Eating Bitterness: New Perspectives on China's Great Leap Forward and Famine by Kimberley Ens ManningEating Bitterness: New Perspectives on China's Great Leap Forward and Famine by Kimberley Ens Manning

Eating Bitterness: New Perspectives on China's Great Leap Forward and Famine

EditorKimberley Ens Manning, Felix Wemheuer

Paperback | March 1, 2012

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When the Chinese Communist Party assumed power, Mao Zedong declared that “not even one person shall die of hunger.” A little over a decade later, China was in the midst of the most devastating famine in modern history. Between 1957 and 1962 – the years commonly associated with the Great Leap Forward – some 30 million peasants died from starvation and exhaustion.

Rather than examining why party leaders stumbled so badly in their attempts to modernize China, Eating Bitterness explores what the Great Leap Forward meant for ordinary people in rural and urban settings, from the provincial level to the grassroots. Drawing on newly available sources including archival documents, oral interviews, and ethnographic data, the contributors offer new perspectives on the foundations and consequences of the Great Leap Forward and famine. They investigate the operation of people’s communes, resource allocation, power and decision making at the local level, and rural resistance and acquiescence.

This landmark volume lifts the curtain of officially propagated images of mass mobilization to expose the uneven and deeply contested nature of state-society relations in Maoist China and the role that history writing and memory have played in shaping narratives of the recent past.

Kimberley Ens Manning is an associate professor of political science at Concordia University. Felix Wemheuer is an assistant professor in the Department for East Asian Studies at the University of Vienna. Contributors: Susanne Weigelin-Schwiedrzik, Richard King, Xin Yi, Wang Yanni, Gao Hua, Yixin Chen, Jeremy Brown, Ralph A. Thaxton J...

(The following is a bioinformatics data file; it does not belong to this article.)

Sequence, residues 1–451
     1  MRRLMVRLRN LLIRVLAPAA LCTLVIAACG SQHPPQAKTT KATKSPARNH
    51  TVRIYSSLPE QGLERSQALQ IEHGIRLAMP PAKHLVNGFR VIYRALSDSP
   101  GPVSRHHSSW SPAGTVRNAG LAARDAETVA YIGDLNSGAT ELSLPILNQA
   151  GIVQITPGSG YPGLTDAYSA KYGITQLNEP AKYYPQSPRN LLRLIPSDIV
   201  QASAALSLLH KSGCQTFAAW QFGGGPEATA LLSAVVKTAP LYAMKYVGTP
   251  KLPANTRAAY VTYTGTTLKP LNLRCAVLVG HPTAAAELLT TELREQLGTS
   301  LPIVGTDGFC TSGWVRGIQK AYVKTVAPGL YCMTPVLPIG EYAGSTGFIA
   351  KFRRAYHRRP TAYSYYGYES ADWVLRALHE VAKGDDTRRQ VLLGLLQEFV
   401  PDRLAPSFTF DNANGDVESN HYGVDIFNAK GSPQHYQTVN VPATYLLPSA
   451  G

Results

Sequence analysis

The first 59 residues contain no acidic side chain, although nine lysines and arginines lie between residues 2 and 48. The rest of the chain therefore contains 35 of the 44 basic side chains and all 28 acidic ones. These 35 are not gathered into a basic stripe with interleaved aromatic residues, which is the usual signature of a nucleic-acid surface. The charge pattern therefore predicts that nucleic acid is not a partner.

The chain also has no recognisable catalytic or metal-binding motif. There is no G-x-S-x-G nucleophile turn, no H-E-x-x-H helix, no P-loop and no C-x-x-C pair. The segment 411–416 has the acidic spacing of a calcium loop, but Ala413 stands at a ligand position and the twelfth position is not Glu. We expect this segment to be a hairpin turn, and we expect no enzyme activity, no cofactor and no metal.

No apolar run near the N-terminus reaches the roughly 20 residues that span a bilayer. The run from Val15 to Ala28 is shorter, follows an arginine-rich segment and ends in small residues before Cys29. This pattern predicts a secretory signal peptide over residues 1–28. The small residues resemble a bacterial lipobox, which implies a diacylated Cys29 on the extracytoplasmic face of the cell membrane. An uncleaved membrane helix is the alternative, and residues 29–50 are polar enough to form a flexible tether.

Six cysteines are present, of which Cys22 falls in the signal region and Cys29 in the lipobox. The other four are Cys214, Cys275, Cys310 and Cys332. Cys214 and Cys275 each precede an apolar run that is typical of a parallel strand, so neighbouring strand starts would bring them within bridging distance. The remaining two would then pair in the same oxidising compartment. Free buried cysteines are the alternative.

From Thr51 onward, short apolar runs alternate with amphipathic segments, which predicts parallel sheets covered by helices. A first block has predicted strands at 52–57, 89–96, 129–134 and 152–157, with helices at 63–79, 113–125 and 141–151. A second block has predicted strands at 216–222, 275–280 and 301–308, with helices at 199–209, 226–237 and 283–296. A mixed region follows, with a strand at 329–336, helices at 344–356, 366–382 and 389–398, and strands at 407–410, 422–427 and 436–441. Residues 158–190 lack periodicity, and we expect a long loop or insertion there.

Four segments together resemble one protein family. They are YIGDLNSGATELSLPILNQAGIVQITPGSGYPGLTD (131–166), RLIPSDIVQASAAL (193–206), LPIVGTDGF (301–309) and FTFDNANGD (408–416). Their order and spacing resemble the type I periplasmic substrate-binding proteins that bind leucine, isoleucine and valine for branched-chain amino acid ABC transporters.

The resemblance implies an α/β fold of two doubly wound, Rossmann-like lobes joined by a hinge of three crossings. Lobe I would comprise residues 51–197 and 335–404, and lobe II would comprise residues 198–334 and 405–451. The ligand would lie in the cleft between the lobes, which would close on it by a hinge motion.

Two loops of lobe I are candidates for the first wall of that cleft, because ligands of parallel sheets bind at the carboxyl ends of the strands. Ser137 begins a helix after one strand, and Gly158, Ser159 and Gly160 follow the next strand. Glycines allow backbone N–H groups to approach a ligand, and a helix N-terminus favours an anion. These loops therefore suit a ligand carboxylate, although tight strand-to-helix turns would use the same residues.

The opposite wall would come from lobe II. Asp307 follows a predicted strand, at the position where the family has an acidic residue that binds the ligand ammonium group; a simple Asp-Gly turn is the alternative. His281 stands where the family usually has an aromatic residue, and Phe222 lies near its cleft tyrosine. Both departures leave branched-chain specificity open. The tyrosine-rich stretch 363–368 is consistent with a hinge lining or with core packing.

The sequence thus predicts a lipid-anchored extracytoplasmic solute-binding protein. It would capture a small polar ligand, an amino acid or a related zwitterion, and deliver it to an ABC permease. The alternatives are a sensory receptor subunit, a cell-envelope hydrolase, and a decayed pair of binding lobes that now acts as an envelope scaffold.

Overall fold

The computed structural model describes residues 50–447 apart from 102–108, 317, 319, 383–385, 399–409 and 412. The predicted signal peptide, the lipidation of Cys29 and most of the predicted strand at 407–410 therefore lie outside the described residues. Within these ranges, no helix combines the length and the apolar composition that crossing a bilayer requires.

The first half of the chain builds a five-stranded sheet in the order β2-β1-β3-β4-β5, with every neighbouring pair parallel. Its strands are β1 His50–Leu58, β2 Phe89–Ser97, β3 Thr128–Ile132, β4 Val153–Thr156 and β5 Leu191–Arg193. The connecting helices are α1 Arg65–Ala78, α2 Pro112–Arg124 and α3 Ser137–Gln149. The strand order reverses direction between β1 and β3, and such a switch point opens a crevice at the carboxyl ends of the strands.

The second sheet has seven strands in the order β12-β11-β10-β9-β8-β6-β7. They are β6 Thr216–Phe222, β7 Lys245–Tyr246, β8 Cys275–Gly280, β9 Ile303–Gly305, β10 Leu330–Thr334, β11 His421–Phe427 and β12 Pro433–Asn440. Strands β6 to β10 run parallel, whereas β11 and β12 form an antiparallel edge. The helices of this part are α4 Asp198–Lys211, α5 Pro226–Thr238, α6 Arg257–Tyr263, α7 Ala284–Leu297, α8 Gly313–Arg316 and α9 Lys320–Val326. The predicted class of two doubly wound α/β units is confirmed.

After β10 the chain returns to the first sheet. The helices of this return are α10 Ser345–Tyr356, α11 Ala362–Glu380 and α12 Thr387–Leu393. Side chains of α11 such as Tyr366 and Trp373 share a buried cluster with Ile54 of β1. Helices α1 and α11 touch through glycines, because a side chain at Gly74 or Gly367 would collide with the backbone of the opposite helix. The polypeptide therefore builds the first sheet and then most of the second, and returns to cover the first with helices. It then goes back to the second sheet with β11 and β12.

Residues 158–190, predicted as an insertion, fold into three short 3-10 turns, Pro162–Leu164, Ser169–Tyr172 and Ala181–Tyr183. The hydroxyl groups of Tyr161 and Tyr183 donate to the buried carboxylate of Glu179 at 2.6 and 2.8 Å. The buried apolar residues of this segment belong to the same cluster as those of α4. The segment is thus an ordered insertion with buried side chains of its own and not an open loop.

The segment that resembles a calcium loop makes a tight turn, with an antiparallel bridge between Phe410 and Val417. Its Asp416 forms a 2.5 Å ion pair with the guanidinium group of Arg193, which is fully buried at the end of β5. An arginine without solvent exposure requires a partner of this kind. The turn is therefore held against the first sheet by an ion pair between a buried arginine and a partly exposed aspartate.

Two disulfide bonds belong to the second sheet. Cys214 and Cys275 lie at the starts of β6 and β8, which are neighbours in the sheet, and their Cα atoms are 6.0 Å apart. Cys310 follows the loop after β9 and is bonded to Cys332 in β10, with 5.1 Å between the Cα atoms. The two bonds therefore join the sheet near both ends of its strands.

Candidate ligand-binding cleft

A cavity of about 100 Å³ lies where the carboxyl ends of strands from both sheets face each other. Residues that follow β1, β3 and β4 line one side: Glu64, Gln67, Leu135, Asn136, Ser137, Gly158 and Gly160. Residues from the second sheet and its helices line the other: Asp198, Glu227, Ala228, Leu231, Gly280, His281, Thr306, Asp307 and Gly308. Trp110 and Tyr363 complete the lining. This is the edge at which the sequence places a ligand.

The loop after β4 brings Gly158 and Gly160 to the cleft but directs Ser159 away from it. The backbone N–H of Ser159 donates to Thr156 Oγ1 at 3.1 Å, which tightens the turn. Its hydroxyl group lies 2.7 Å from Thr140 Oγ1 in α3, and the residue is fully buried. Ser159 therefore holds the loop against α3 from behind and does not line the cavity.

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Title:Eating Bitterness: New Perspectives on China's Great Leap Forward and FamineFormat:PaperbackDimensions:336 pages, 9 × 6 × 0.84 inPublished:March 1, 2012Publisher:Ubc PressLanguage:English

The following ISBNs are associated with this title:

ISBN - 10:0774817275

ISBN - 13:9780774817271

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Table of Contents

Introduction / Kimberley Ens Manning and Felix Wemheuer

1 Re-Imagining the Chinese Peasant: The Historiography on the Great Leap Forward / Susanne Weigelin-Schwiedrzik

2 Romancing the Leap: Euphoria in the Moment before Disaster / Richard King

3 The Gendered Politics of Woman-Work: Rethinking Radicalism in the Great Leap Forward / Kimberley Ens Manning

4 “The Grain Problem Is an Ideological Problem”: Discourses of Hunger in the 1957 Socialist Education Campaign / Felix Wemheuer

5 On the Distribution System of Large-Scale People’s Communes / Xin Yi

6 An Introduction to the ABCs of Communization: A Case Study of Macheng County / Wang Yanni

7 Food Augmentation Methods and Food Substitutes during the Great Famine / Gao Hua

8 Under the Same Maoist Sky: Accounting for Death Rate Discrepancies in Anhui and Jiangxi / Chen Yixin

9 Great Leap City: Surviving the Famine in Tianjin / Jeremy Brown

10 How the Great Leap Forward Famine Ended in Rural China: “Administrative Intervention” versus Peasant Resistance / Ralph A. Thaxton Jr.

11 A Study of Chinese Peasant “Counter-Action” / Gao Wangling

Bibliography

Index

Editorial Reviews

When the Chinese Communist Party came to power in 1949, Mao Zedong declared that “not even one person shall die of hunger.” Yet some 30 million peasants died of starvation and exhaustion during the Great Leap Forward. Eating Bitterness reveals how men and women in rural and urban settings, from the provincial level to the grassroots, experienced the changes brought on by the party leaders’ attempts to modernize China. This landmark volume lifts the curtain of party propaganda to expose the suffering of citizens and the deeply contested nature of state-society relations in Maoist China.Explaining how a Communist regime that came to power with peasant support could stumble so badly is a task that has engaged many scholars. Eating Bitterness is a very welcome addition to this literature. Several of its authors have had access to sources that only opened up recently, especially local archives; still others report findings from years of doing oral history in the villages. It will be an attractive reader in history and politics courses on contemporary China. - Thomas P. Bernstein, co-author of Taxation without Representation in Contemporary China